17 Sep 2008

Tasty Relief

Submitted by Karl Hagen
While driving in to work this morning, I head the reporter on NPR talking about a sense of "palatable relief" on Wall Street due to the bail out of AIG. After I finished snickering, for which elitism I will soon, doubtlessly, be punished by the law of prescriptive retaliation, I googled the phrase. It's not very common (only 100 g-hits as opposed to 8080 for 'palpable relief'), and a few are just accidental collocations crossing phrase boundaries, but clearly this is not unattested.
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26 Aug 2008

Irregardless

Submitted by Karl Hagen
Contain your righteous indignation for a moment and consider the much-maligned word irregardless. There are two arguments typically advanced against it, usually together: first, that it is "not a word," and second, that it is a kind of double negative. The first claim is simply stupid. By any reasonable definition of what a word is, of course it's a word. Just because a word irritates you does not demote the utterance from wordhood.
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28 Jun 2008

Those pesky pronouns

Submitted by Karl Hagen
Your high school English teacher always warned you about those ambiguous pronouns, but many of the examples she gave you probably weren't really ambiguous in a practical context. Here's one that is demonstrably ambiguous, but not, I think, for the reasons usually offered in high school textbooks. Language Hat grouses about an explanation offered by Dear Abby about the distinction between "burn down" and "burn up."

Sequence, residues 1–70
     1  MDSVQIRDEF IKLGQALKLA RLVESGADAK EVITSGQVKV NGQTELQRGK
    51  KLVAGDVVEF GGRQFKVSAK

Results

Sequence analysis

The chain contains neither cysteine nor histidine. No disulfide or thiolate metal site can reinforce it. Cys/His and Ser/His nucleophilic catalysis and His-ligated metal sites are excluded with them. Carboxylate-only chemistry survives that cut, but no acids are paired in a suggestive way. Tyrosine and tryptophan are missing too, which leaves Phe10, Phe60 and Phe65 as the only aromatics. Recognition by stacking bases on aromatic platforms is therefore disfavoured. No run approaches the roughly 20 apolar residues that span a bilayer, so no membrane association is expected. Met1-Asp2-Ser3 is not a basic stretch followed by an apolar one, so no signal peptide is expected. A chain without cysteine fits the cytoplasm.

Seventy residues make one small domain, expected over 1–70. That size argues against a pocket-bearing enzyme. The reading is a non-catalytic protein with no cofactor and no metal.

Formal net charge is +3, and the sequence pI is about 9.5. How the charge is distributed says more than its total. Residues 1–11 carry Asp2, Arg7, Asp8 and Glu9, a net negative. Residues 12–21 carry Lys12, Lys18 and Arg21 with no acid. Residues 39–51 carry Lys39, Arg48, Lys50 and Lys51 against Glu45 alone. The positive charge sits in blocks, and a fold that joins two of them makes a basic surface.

DEAR ABBY: Does a house "burn up" or "burn down"?
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21 Jun 2008

The Predictive Validity of the SAT

Submitted by Karl Hagen
A few days ago, the New York times carried an article about the SAT with the headline "Study Finds Little Benefit in New SAT."

Here's the lede:

The revamped SAT, expanded three years ago to include a writing test, predicts college success no better than the old test, and not quite as well as a student’s high school grades

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5 May 2008
I think we need a new subtype of the law of prescriptive retaliation.. The woman holding this sign isn't trying to correct a specific point of grammar or usage, but she is advocating a general sort of prescription: English as the official, or as she puts it, the "offical" language of the U.S. [Link via Digg]
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